Krakow: 5 Things to do when everything is closed!

Krakow was not on our original route plan but it’s proximity to the Auschwitz-Birkenau museum and the fact that we would all get to go to Poland swayed us. The driving standard had certainly decreased from the Czech Republic but the people were much more friendly. We’re glad we went.

No so much a ‘plan B’ activity but it is open every day of the year. We had left booking a little too late so all individual tickets to Auschwitz from the online booking system were sold out for the next week. We ended up booking a Sunday tour with pre-reserved tickets. Read about our full experience in a seperate post here: A Postcard from Auschwitz.  

On the Monday, it turned out to be a public holiday which we did not know about, so nearly all tourist attractions such as Schindlers Factory, The underground museum and most businesses were closed. Apparently they also close on the second Monday of every month too. All was not lost however, we just did some exploring instead!

1. Krakus Mound (Kopiec Krakasa)DSC_0109

Located around 3km from the city centre (and according to legend, built by King Krak) Krakus mound is apparently one of Polands greatest archaeological mysteries.  The mound is estimated to have been built around the 1st century BC and has a solid wooden core! We ascended the spiral path to the summit where the views extended over Krakow and all the way to the Slovakian Tatras Mountains to the South. The walk from the city traced cobbled streets with spooky looking houses and local recreation parks full of picnickers and old people playing ping pong.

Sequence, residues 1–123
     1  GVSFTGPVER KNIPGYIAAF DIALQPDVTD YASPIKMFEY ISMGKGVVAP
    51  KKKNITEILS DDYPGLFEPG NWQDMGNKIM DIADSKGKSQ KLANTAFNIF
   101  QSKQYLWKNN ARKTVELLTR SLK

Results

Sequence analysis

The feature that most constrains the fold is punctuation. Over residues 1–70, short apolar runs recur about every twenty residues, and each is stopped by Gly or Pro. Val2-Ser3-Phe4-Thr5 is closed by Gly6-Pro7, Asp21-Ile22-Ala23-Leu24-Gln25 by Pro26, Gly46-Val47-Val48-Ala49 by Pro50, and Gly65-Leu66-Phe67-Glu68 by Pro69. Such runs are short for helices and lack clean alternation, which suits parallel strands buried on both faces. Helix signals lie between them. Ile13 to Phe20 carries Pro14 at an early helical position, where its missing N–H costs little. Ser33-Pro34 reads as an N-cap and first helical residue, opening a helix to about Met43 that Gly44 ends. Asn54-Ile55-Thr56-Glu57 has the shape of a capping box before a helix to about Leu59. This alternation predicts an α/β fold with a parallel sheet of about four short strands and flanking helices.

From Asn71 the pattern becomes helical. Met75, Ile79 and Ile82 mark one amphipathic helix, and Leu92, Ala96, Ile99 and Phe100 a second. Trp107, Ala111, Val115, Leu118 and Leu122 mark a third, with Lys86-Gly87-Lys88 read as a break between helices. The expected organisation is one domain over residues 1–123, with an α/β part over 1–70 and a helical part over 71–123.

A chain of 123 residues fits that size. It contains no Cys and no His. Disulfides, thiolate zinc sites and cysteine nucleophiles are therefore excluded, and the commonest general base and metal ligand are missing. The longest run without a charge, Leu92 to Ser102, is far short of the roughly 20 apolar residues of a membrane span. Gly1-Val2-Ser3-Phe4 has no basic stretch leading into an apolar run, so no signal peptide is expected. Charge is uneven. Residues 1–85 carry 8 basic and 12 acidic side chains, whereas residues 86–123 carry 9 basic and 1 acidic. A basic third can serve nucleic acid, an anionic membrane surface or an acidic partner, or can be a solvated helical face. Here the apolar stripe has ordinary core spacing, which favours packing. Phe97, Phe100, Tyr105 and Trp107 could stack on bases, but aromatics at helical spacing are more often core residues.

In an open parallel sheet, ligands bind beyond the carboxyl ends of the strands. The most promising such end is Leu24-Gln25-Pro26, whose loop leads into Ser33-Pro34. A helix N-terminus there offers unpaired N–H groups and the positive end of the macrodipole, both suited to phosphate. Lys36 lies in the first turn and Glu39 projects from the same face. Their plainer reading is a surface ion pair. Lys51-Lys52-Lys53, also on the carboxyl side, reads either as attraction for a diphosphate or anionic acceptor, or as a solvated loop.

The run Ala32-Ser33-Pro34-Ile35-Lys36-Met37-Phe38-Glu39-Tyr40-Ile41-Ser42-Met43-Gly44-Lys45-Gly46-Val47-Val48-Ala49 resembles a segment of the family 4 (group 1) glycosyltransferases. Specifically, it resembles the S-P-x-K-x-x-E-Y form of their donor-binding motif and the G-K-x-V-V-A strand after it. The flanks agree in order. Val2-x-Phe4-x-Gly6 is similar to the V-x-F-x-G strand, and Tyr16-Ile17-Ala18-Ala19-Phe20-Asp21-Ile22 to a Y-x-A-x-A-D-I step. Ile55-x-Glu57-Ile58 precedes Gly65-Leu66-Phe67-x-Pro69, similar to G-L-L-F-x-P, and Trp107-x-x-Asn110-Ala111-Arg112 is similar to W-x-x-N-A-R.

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2. River BarsDSC_0091

A lovely footpath follows the river bank on both sides.  We stumbled across the Forum Przestrzeni which was a great spot to relax and watch the world go by. It occupies the ground floor and outdoor area of an abandoned hotel and has great value drinks, friendly staff and is an excellent location for a sunny afternoon beer!

3. Spider Bridge

DSC_0157By night, the city takes on a different light. After dinner, we walked back into the Jewish quarter over spider bridge. I’m not sure what it’s actually called but I have never seen more spiders on anything! It was covered completely and they were loving the LED lights too.

4. Good Lood Lody 

Bridge in KrakowIf you like ice cream, skip the ones in the market square and head for Good Lood in Kazmierz. I have never tasted better ice cream/sorbet in my life. It’s all home made, organic and natural. Our huge double scoop cones were 7zl or around £1.40.

 

5. Market Square by nightDSC_0058Apparently the largest medieval market square in Europe, it reminded me a lot of the one in Venice. Cafes, orchestras and a whole load of tourists!

 

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As a city, Krakow has a huge amount to offer. We had some great food and drinks in the Jewish Quarter (Kazimierz). Hamsa Israeli restaurant  promised Hummas & Happiness and it certainly delivered. For evening drinks with an industrial hipster vibe, try Miejsce – it won’t disappoint.

 

 

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